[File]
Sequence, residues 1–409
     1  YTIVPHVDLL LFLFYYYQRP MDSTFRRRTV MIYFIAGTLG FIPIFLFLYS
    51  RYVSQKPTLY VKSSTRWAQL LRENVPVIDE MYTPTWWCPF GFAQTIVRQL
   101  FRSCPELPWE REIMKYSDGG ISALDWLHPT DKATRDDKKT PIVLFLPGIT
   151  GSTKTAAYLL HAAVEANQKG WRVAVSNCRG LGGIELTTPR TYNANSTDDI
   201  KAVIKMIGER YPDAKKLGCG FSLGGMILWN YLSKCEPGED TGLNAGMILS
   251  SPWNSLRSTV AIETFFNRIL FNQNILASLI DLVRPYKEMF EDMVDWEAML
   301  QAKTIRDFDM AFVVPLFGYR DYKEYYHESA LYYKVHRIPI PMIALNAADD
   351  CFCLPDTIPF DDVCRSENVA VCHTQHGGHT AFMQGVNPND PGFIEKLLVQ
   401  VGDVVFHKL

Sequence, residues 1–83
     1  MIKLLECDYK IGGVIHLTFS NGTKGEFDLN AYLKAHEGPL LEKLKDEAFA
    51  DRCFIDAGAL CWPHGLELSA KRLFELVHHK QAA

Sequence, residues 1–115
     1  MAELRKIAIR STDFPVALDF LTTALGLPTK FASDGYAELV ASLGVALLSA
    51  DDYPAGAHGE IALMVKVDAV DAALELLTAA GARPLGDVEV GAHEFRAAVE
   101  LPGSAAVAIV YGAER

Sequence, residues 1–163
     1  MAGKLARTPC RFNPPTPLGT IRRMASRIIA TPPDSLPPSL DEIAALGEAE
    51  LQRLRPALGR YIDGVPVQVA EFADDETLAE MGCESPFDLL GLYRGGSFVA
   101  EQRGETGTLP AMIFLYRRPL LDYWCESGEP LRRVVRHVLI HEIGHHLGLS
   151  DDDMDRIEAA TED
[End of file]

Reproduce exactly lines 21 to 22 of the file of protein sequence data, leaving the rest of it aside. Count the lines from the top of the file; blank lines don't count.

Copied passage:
   101  EQRGETGTLP AMIFLYRRPL LDYWCESGEP LRRVVRHVLI HEIGHHLGLS
   151  DDDMDRIEAA TED